The utilitarian conception, which I call “action as production,” holds that action is a way of making use of the world, conceived as a causal mechanism. According to the rational intuitionist conception, which I call “action as assertion,” action is a way of acknowledging the value in the world, conceived as a realm of status. On the Kantian constructivist conception, which I call “action as participation,” action is a way of making the world, qua causal mechanism, come to count as (...) a realm of status. My rather limited aim in this paper is to identify three substantively different answers the question of how action relates an agent to the world, regarded as a context of action. (shrink)
In this paper I defend Kant’s Incorporation Thesis, which holds that we must “incorporate” our incentives into our maxims if we are to act on them. I see this as a thesis about what is necessary for a human being to make the transition from ‘having a desire’ to ‘acting on it’. As such, I consider the widely held view that ‘having a desire’ involves being focused on the world, and not on ourselves or on the desire. I try to (...) show how this view is connected with a denial of any deep distinction between reason and inclination. I then argue for an alternative view of what ‘having a desire’ involves, one according to which it involves being focused both on the world and on ourselves. I show how this view fits naturally with the Kantian distinction between reason and inclination, accounts for independent intuitions about ‘having a desire’, and supports the Incorporation Thesis. I then make some further suggestions about how we might conceive of the object of incorporation. (shrink)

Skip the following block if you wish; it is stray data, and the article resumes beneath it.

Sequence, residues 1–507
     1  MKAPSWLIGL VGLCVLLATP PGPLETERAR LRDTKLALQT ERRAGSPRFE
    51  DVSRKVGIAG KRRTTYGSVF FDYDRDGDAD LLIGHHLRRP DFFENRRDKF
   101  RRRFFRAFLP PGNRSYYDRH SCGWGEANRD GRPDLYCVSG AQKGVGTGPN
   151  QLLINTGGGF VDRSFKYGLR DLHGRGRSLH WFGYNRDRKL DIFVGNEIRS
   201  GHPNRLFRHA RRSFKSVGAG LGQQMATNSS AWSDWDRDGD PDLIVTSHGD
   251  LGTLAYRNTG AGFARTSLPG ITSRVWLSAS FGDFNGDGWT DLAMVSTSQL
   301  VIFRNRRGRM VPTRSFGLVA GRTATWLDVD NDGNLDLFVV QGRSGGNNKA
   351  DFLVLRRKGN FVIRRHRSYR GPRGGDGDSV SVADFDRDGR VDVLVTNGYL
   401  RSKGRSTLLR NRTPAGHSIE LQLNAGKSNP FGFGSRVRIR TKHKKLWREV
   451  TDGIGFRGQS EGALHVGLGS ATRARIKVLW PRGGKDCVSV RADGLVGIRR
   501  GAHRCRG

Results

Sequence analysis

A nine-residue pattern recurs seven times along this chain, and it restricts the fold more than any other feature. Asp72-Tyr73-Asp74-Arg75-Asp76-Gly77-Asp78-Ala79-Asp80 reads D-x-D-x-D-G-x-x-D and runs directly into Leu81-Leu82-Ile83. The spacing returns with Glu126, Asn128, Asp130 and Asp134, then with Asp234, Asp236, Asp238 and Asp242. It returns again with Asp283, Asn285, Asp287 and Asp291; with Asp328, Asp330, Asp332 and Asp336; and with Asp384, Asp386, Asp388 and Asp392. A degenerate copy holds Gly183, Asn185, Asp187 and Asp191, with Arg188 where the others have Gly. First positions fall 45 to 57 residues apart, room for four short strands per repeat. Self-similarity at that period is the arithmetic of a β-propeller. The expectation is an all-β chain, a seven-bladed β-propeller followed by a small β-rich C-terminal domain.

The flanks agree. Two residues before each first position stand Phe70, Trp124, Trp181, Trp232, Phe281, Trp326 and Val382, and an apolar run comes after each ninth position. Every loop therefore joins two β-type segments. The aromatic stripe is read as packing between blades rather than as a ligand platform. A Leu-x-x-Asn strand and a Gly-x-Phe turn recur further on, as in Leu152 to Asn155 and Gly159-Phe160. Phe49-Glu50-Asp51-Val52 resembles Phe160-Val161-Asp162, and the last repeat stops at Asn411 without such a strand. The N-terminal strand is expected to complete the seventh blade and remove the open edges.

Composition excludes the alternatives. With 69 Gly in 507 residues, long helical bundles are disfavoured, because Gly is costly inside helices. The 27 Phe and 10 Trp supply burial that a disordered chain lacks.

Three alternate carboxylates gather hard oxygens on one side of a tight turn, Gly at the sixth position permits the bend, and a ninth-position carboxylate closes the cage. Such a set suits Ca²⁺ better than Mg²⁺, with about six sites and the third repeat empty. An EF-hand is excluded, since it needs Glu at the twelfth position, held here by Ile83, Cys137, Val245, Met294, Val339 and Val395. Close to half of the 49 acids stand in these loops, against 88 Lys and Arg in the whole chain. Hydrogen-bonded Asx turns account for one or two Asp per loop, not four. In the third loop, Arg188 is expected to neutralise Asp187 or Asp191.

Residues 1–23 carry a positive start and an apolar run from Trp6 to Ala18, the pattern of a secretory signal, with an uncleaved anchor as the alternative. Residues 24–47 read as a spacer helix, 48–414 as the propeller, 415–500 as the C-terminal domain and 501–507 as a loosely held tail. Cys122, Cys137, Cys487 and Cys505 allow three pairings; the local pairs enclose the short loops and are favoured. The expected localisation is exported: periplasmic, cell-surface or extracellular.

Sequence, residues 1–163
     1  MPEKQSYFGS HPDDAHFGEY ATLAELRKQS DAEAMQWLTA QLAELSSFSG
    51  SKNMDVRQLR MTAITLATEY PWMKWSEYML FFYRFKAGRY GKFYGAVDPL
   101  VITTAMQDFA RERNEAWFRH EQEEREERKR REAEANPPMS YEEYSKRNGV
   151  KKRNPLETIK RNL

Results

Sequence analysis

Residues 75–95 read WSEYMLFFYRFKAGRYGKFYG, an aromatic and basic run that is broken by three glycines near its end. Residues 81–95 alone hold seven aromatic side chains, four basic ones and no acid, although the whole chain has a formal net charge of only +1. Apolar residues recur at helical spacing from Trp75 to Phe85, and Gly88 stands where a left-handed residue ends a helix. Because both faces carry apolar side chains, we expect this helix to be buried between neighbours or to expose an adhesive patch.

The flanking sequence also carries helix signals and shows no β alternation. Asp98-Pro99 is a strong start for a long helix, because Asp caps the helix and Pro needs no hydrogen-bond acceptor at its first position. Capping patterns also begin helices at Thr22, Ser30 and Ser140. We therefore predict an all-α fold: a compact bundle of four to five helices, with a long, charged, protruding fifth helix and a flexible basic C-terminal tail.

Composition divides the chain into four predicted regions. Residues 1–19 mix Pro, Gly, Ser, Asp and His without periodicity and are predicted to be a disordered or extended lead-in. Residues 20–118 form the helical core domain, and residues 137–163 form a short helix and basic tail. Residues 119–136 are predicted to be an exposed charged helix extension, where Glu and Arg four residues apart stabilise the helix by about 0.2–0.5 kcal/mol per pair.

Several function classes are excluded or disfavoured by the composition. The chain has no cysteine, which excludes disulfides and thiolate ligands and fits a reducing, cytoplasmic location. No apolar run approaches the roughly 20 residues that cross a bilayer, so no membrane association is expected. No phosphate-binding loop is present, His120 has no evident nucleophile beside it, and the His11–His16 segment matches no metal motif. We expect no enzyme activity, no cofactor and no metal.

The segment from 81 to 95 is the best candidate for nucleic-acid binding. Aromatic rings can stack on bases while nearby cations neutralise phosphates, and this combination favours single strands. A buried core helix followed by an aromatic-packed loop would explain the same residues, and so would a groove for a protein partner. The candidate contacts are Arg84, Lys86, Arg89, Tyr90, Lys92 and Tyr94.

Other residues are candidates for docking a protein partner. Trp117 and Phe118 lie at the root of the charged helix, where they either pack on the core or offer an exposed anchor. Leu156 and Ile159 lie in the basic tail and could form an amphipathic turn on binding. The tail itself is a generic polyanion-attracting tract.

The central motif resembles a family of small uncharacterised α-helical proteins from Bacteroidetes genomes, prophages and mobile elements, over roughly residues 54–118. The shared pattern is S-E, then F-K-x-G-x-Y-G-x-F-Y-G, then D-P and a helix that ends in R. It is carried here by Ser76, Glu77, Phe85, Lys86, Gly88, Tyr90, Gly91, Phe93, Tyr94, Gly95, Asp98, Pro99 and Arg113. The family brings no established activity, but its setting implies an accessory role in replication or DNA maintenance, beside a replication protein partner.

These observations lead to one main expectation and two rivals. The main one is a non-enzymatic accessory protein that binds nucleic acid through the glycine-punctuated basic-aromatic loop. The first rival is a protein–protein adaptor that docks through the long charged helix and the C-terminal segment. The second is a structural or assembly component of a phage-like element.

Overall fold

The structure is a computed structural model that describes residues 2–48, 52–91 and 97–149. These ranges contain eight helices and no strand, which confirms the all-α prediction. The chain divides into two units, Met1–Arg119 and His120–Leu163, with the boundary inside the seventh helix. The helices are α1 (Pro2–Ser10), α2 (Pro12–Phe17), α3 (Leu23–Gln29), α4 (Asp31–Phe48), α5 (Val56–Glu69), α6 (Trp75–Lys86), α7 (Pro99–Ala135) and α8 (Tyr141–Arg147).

A task of any moral theory is to account for both the rigidity and the flexibility of moral rules. Utilitarianism faces the problem of building rigidity into a framework that tends towards objectionable flexibility. Kantianism faces the problem of building flexibility into a framework that tends towards objectionable rigidity. I offer an argument on this front on behalf of Kantians. I show how Kantians can maintain that actions are right and wrong "in themselves," while still maintaining that such actions can (...) be corrupted under certain "nonideal" circumstances. (shrink)
In this paper I develop an analogy between an interpersonal hierarchy and an intrapersonal hierarchy. The analogy is between the authority of adults over children, and the authority of our willing selves over our wanting selves. The analogy allows us to see how each hierarchy is rooted in an asymmetry that is natural and not merely conventional.
This chapter is about philosophical method. The Kantian method in the theory of agency is often characterized as a “first-person” method. But what does this mean? I motivate this question by showing how Kantians and most non-Kantians routinely fail to communicate when debating each other about the nature of human agency. I trace this failure to a more fundamental difference in philosophical method, one that tends to go unacknowledged. Most non-Kantian theories of agency, including belief/desire theories and their variants, address (...) the question, “What happens when someone acts?” Kant’s theory, I claim, addresses the question, “What am I doing insofar as I am acting?” As long as this difference remains unarticulated and unexplained, Kantian and non-Kantian theorists of agency will continue to talk past one another. (shrink)